The act essentially created a new tax paradigm on international earnings, where now you’re being taxed on earnings that occurred in jurisdictions that the IRS considers low-tax jurisdictions.

Before you were basically being taxed on earnings you repatriated, so companies were not repatriating those earnings, and avoided being taxed. That’s not the case anymore. 

It’s impacted a lot of our clients and office significantly, because it’s created a lot of new filings, a lot of new compliance work, and it’s work that has to be done right. The penalties for not getting it right can be pretty excessive.

We’ve really had to invest in a lot of education for our team and staff. 

Q: Are there any other kinds of unique problems or issues our region faces when it comes to tax prep and accounting?

For a market of our size to not have a national public accounting firm presence is definitely unique to us. 

A lot of the major businesses here or governmental entities, their options are to work with a national firm that will service them out of town or work with local firms such as ours to meet whatever tax or auditing needs they have. 

We don’t have the kind of corporate presence here that many other metropolitan areas have, and I think that’s one reason why there is not that national accounting firm presence. 

From my standpoint, it brings a lot of opportunity for local firms.

Some businesses need to work with a national firm. But for others, because there’s not that presence, they give us a chance. For the most part, local firms here have taken that opportunity and run with it and done well.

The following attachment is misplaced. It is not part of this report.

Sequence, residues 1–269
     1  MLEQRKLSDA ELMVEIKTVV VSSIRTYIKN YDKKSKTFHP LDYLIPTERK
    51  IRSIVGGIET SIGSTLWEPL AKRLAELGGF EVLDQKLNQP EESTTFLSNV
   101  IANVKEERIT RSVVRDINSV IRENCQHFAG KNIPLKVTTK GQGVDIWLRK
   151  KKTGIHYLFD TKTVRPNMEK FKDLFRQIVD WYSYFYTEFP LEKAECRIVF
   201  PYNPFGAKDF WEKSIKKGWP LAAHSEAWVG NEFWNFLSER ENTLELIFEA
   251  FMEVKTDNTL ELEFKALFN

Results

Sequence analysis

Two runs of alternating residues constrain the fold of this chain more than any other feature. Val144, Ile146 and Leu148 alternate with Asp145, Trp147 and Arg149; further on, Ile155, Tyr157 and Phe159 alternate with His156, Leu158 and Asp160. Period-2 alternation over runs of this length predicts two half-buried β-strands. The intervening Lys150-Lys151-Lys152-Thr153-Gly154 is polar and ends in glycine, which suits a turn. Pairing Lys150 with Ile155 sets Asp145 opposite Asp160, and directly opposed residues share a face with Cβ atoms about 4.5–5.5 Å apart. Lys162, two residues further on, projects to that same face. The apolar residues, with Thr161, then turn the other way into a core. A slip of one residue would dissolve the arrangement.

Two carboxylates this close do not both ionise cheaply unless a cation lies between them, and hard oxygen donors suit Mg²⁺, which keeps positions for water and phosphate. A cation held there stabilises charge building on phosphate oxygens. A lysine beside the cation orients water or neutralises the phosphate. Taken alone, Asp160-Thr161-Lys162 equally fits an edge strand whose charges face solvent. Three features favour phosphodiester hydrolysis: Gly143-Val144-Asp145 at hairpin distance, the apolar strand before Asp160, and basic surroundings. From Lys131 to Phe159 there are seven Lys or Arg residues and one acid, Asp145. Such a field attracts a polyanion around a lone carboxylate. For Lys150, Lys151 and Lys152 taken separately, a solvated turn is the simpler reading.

Q: How have the various federal stimulus packages and checks sent out over the last year affected this tax season? 

The most wide-ranging aspect of the CARES Act has been the economic impact payments that have gone out to individuals. 

The first round was enacted by the CARES Act in 2020. There was a second round that came out with the appropriations act passed at the end of December. With the most recent legislation passed this month, we now have the third round that’s coming out.

In terms of my firm, I wouldn’t say it’s impacted tax season. The economic payments are non-taxable, they are not something that’s included in your gross income when you’re reporting your 2020 taxes. 

The only thing that kind of impacts your 2020 return is if you have not received your first or second round of economic impact, you can basically claim it as an additional credit on your 2020 return. 

In terms of some of the other things enacted, one of the other more well-known ones that we’ve been very involved with our clients is the Paycheck Protection Program. The first round of that was enacted with the CARES Act in March of last year. 

That has been something we’ve seen a majority of our clients get, which are forgivable if you are able to use the proceeds toward eligible expenses, which include wages, other payroll-related costs, rent, mortgage, utilities and things like that.

The second round was enacted in December. We do have some clients that have applied and received assistance on the second round. 

The first round did not have any requirements in terms of income or defining income or anything like that. The goal was just to get the funding out as quickly as they could. Most businesses were eligible to apply.

The second round you did have to show a decline in gross receipts to be eligible. 

We were really busy in the spring and summer helping clients apply for those loans, and we got busy in the fall and still are helping clients apply for forgiveness loans. 

It’s been something we’ve had to get really familiar with, and we definitely spend a lot of time advising clients on it.